More stuff without meaning or forethought, right out of my fevered mind! I'm calling this working on lines, and lights and darks. So sorry to have missed Dr. Sketchy
the other day. Instead of drawing burlesque hootchies (or art students who pretend to be same), I was addressing Christmas cards, like some Ned Flanders clone.
Above is a slick guy with his expensive car, obviously thinking of some business deal. Or, more likely, the five-o'clock martini. Actually, he looks more than a little lost.
Below, more black and whiteness. I guess she's checking on a sore or loose tooth. I'm not crazy about the dark brush pen lines, but am trying to work with them, and integrate them with the drawing. I like, however, the slightly warped quality, how things are off a little, which to me is more interesting than a conventionally beautiful or realistic drawing. I know these are errors, but I'm still working on keeping things in general proportion, making them accurate and detailed, but not too dull. I also don't like being too much of a "clone" of other, more successful artists, like R. Crumb.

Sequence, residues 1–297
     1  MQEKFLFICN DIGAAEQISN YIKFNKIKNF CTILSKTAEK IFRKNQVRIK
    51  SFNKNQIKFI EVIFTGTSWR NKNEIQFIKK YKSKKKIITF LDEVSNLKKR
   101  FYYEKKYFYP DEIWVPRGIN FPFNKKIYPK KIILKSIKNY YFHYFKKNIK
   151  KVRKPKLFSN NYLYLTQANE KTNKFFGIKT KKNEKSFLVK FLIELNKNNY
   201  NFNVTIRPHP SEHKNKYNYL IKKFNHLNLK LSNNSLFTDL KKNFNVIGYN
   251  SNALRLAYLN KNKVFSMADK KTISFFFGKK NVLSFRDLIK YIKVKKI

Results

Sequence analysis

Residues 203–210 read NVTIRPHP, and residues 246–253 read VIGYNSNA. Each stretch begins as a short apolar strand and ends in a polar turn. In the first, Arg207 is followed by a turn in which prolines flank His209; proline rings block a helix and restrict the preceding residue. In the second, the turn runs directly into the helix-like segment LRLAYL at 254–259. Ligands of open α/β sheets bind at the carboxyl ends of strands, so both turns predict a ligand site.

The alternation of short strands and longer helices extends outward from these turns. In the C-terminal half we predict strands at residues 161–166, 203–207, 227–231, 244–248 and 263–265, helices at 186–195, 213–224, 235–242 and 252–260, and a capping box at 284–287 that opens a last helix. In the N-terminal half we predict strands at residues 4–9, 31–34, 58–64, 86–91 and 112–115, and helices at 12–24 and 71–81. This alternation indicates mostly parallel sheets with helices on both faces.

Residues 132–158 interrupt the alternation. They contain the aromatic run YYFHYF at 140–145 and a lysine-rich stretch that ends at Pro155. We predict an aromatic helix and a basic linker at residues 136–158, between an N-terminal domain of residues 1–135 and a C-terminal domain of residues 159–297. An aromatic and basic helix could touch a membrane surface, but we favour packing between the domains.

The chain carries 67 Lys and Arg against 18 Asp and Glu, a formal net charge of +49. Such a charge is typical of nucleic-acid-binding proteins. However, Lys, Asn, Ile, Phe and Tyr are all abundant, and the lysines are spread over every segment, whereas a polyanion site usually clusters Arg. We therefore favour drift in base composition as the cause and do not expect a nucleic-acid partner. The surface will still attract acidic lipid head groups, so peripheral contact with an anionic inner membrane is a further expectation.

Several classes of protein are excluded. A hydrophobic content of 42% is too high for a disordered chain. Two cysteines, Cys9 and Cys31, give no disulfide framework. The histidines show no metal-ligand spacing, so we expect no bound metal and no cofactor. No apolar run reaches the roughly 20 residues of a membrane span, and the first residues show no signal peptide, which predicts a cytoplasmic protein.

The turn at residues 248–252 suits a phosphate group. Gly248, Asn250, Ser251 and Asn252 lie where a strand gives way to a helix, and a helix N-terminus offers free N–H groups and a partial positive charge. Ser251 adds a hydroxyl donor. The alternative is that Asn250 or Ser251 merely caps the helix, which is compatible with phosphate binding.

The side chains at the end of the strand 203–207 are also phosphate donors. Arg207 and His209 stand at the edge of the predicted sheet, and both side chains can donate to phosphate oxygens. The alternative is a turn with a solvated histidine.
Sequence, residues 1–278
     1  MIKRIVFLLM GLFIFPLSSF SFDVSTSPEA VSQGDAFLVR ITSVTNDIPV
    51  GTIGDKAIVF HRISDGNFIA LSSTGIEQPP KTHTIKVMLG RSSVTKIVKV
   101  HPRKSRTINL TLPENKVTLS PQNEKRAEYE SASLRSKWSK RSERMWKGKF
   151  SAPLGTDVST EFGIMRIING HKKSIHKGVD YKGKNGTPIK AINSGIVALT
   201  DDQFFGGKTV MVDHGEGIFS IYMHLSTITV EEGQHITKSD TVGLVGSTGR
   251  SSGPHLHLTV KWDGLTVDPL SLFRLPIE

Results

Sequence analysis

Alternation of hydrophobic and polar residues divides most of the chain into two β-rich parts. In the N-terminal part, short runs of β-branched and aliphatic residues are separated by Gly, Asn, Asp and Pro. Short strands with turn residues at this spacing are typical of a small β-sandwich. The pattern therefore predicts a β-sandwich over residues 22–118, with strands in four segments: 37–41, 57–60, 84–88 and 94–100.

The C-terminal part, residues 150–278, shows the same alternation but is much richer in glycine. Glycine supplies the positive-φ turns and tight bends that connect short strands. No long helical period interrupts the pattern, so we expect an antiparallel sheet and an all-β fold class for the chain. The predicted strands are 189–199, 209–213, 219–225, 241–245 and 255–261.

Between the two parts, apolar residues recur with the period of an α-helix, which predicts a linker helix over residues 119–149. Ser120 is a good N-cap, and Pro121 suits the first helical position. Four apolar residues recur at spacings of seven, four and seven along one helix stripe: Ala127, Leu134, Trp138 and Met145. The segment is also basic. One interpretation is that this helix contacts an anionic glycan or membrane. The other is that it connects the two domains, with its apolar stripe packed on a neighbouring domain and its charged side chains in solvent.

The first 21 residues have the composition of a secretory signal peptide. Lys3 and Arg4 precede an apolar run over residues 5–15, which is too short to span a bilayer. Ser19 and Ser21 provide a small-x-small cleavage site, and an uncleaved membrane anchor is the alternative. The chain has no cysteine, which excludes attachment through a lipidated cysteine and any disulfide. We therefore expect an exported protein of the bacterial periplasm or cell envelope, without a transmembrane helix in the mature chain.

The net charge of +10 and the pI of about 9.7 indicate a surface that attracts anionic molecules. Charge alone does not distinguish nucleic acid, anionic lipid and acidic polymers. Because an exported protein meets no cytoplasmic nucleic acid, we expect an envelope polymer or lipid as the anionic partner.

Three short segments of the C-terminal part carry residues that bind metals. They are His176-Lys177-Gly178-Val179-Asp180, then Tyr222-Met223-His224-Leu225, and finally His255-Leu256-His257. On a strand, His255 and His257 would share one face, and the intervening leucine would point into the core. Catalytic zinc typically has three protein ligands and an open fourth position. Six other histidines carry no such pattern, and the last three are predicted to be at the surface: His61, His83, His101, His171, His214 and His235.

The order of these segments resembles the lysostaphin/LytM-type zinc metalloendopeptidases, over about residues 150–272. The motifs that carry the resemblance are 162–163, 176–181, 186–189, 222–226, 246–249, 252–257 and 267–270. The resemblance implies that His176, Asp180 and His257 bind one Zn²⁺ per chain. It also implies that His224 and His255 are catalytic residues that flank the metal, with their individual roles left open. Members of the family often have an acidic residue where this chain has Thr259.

Of course, he'd be out at the Cabaret, drawing the hootchies. There is a more conventional strip club close by (this is Ontario Street East, fabled biker territory, though my block is much safer and bourgeois), and I've sketched in places like that, but only because I was dragged there by more boisterous (usually visiting from another town) friends.
Don't know what would happen if I showed up alone with my cute little book and pencils. Probably would have to pay for a lap dance or two before they'd let me leave.
There's a lot more tabby-ness I can add to the portrait of Mr. B. below. But I'm loath to make it too dark or busy. As a kid I watched artists draw, and there was sometimes the step where a perfect, though light drawing suddenly went south, and I wanted to say "awwww, he's ruined it." I sometimes think this myself. So I'm leaving this cat portrait, munchkin legs and all, but will probably attack it some time in the future, when I'm feeling confident.
All of this is from the larger black hardbound book. I've got two of them: the large, 8-1/2" x 11" and the small one, which is roughly 7 inches square. They look slick, but it's hard to figure out front from back, or which end is up.
Labels: Boggedy Cats